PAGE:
• 6 cotton muslin or terry cloth bibs (Pehr’s are my favorite)

              • 3 bottles and nipples (sterilized) 

              • Bottle cleaning brush

              • Breast pump and supplies (these are covered by health insurance)

              • Formula (just a box, to put your mind at ease)

              What you can skip for now: Bottle sterilizer (you might want this if you end up exclusively pumping), breast milk storage containers, formula mixer, nipple cream, nursing bras, breast pads, baby spoons, silicon bibs

              What you can skip, period: Bottle warmer, baby-specific dish soap

              For Health/Safety

              The most important thing you can do is take an infant CPR and first aid course. You can find in-person and online classes via the American Red Cross. If you just need a refresher or a quick reference, the National CPR Foundation lists the basics.

              Sometimes the splurgier seeming devices can be the more minimalist choice. Trimming your baby’s nails so that she doesn’t scratch herself is one of the more nerve-wracking things you’ll have to do. In the beginning, it might be easy to peel or bite away any bits that snag or feel sharp. When they really get long, I’ve found that a battery-powered buffer is so much easier to use than clippers. We have the Haakaa one; I bought it after I clipped my daughter’s nail a tiny bit too close and nicked the skin. I wish I had gotten it from the start instead of clippers and nail files. The electric Nose Frida is also worth the splurge compared with the manual one because it’s easier to use and more durable; we’ve gone through a bunch of manual Nose Fridas, but once we got the electric one it has held up a lot better.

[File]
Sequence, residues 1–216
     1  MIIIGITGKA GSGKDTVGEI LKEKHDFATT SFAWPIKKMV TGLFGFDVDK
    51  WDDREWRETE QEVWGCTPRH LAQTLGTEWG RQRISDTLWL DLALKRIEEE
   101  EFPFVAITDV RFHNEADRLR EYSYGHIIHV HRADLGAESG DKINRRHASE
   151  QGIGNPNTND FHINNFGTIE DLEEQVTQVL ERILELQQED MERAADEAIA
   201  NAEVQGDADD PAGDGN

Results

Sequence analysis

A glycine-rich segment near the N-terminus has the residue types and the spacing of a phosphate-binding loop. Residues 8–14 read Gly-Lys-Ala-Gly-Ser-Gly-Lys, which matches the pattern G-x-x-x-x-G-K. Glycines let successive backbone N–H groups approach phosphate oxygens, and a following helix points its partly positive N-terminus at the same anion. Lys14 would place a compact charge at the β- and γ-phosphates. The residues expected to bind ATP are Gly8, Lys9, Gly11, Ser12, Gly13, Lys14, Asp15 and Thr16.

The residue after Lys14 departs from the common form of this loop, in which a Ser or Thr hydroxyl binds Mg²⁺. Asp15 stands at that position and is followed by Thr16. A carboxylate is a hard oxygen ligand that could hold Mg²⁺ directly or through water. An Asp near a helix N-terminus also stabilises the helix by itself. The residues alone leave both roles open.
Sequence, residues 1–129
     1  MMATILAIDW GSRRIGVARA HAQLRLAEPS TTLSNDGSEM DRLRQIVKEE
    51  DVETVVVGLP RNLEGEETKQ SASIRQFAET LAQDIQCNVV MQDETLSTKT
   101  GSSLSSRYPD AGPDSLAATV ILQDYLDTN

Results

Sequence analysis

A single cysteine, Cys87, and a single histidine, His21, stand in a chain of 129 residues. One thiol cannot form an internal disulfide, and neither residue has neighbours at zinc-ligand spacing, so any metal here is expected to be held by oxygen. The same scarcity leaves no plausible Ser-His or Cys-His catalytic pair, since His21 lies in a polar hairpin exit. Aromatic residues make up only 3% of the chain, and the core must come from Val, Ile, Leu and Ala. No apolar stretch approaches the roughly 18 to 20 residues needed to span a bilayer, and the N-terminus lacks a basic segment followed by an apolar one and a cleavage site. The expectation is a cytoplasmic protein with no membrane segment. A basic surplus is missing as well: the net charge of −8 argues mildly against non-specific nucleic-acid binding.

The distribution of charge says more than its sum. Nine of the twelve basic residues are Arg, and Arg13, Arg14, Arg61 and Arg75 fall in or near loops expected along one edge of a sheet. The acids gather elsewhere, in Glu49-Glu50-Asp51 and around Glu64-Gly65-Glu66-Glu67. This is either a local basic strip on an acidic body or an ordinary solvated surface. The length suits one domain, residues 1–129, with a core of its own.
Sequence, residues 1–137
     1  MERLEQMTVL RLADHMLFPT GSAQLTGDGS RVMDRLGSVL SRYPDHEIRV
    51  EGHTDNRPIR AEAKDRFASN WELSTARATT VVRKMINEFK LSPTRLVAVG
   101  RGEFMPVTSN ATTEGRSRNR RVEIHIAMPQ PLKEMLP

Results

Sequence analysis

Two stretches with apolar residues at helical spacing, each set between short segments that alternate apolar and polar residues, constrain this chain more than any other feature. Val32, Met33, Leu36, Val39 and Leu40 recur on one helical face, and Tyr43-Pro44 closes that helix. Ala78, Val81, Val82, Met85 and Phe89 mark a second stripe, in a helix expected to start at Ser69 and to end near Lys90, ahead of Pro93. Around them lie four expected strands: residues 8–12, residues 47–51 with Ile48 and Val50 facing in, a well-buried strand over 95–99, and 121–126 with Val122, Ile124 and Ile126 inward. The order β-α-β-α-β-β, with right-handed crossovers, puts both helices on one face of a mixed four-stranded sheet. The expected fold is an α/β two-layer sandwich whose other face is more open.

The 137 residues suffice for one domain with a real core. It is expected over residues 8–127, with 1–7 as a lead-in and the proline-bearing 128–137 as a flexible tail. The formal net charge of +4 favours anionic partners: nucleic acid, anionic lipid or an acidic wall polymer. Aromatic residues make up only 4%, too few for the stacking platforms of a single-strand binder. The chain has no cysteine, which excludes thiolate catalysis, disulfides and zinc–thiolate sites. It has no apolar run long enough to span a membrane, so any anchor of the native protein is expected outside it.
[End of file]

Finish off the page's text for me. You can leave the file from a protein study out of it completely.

You’ll need:

              • Battery-operated nail buffer

              • In-ear digital thermometer 

              • Baby fever reducer

              • Nasal aspirator

              What you can skip for now: Pacifiers (the hospital will have them; see if your babe likes it before you load up), pacifier tethers, teether toys, baby proofing supplies

              What you can skip, period: Nail clipper, nail file, cotton balls, cotton swabs, bulb syringe

              For Playtime